It is also of no moment that petitioner Nisda passed his pre-employment medical examination before he was hired and deployed by respondent ADAMS as a seafarer. It has been accepted that pre-employment medical examinations are usually not exploratory in nature.[74] The same is not intended to be a totally in-depth and thorough examination of an applicant's medical condition. It merely determines whether one is "fit to work" at sea or "fit for sea service"; it does not describe the real state of health of an applicant. "While a [pre-employment medical examination] may reveal enough for the [foreign employer] to decide whether a seafarer is fit for overseas employment, it may not be relied upon to inform petitioners of a seafarer's true state of health. The [pre-employment medical examination] could not have divulged respondent's illness considering that the examinations were not exploratory."[75]

As a defense against any liability, respondents Sea Serve and ADAMS incessantly posit that petitioner Nisda's POEA-SEC had already expired when the latter was repatriated to the Philippines on 17 July 2002 and subsequently diagnosed with Coronary Artery Disease.

We disagree.

To be sure, the duration of petitioner Nisda's POEA-SEC was "6 MONTHS - Continuation of 3 months,"[76] or nine months entirely. Petitioner Nisda signed his POEA-SEC on 7 August 2001; but per Sec. 2(A) of the same, it was to commence only on 22 August 2001, the date of petitioner Nisda's actual departure from the airport in the point of hire, which was Quezon City, carrying with him his POEA-approved employment contract.[77] The period of nine months, counted from 22 August 2001, expired on 21 May 2002.

However, Sec. 2(A) of the POEA-SEC also provides that the POEA-SEC shall be effective until the seafarer's date of arrival at the point of hire upon termination of the employment contract, pursuant to Sec. 18 of the same contract. Sec. 18 states -

SECTION 18. TERMINATION OF EMPLOYMENT

  1. The employment of the seafarer shall cease when the seafarer completes his period of contractual service aboard the vessel, signs-off from the vessel and arrives at the point of hire.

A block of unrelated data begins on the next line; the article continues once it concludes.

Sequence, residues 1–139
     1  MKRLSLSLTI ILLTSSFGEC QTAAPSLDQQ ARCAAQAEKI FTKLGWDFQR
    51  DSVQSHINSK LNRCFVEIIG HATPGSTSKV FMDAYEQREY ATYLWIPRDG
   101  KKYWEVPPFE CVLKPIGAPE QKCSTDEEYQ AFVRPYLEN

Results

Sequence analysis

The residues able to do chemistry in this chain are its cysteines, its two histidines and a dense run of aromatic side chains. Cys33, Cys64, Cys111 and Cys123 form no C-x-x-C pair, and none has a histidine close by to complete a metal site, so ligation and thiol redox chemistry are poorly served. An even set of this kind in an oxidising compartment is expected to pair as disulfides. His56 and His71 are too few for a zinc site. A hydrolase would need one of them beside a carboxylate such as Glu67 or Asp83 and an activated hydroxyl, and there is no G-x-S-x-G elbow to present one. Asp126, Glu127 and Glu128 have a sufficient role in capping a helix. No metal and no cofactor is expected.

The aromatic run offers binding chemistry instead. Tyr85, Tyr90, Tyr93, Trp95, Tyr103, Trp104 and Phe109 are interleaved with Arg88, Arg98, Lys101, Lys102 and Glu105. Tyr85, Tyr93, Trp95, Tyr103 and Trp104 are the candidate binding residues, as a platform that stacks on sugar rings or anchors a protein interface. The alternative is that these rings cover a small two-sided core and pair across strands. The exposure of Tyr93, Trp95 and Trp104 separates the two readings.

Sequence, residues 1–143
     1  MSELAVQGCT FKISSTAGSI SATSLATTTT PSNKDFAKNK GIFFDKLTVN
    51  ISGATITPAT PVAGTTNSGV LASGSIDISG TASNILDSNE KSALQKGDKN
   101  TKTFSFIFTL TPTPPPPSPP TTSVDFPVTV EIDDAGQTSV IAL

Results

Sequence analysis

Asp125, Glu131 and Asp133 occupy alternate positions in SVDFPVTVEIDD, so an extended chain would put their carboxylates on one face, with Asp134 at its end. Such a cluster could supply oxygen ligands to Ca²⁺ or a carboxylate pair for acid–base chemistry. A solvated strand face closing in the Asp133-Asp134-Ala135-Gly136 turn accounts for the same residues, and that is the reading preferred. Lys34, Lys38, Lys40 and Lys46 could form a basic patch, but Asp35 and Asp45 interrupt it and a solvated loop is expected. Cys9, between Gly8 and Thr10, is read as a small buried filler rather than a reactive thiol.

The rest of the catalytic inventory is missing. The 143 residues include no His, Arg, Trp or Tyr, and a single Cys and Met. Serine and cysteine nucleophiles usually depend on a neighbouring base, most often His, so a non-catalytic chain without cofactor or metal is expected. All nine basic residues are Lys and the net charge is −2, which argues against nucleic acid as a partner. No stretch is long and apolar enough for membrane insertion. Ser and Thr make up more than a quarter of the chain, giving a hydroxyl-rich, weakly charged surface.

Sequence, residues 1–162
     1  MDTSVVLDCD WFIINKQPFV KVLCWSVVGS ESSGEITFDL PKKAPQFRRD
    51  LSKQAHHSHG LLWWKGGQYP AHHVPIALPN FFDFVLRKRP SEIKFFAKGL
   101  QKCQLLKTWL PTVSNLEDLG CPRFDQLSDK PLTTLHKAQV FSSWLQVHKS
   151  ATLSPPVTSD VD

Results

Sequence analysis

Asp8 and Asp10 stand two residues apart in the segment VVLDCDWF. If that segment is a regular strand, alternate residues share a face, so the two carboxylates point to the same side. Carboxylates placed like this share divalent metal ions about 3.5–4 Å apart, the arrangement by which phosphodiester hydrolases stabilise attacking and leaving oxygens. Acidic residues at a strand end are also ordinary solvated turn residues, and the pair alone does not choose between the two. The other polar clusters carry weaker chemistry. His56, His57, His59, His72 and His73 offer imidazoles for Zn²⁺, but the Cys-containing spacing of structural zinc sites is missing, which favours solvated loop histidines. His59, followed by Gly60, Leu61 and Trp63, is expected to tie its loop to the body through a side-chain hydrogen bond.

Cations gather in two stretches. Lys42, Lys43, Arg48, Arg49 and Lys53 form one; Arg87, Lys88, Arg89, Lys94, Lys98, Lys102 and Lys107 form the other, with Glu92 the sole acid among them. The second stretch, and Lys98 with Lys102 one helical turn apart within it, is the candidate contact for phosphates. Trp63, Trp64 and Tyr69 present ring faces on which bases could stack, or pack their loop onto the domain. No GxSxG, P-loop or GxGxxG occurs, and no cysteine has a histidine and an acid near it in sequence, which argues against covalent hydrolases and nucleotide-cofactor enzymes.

Record of the present case reveals that petitioner Nisda signed off and disembarked from M/V Algosaibi-42, and was repatriated to the Philippines, only on 17 July 2002. Hence, it was only on said date that petitioner Nisda's POEA-SEC actually concluded.

We cannot subscribe to the assertion of respondents Sea Serve and ADAMS that from 21 May 2002 until his repatriation on 17 July 2002, petitioner Nisda was already toiling under the provisions of the second employment contract he signed with respondent ADAMS without the endorsement of the POEA.

In Placewell International Services Corporation v. Camote,[78] we held that the subsequently executed side agreement of an overseas contract worker with the foreign employer is void, simply because it is against our existing laws, morals and public policy. The subsequent agreement cannot supersede the terms of the standard employment contract approved by the POEA. Republic Act No. 8042, commonly known as the Migrant Workers Act of 1995, expressly prohibits the substitution or alteration, to the prejudice of the worker, of employment contracts already approved and verified by the Department of Labor and Employment (DOLE) from the time of the actual signing thereof by the parties up to and including the period of the expiration of the same, without the approval of DOLE.[79] Since the second employment contract petitioner Nisda signed with respondent ADAMS was void for not having been sanctioned by the POEA, then petitioner Nisda's employment with respondent ADAMS was still governed by his POEA-SEC until his repatriation to the Philippines on 17 July 2002.

That petitioner Nisda was diagnosed with heart disease only on 19 July 2002, already two days after his return to the Philippines, is of no adverse significance to his claim. Sec. 20(B)(3) of the 2000 POEA Amended Standard Terms and Conditions requires that a seafarer, signing off from the vessel for medical treatment, must submit himself to a post-employment medical examination by a company-designated physician within three working days upon his return, viz: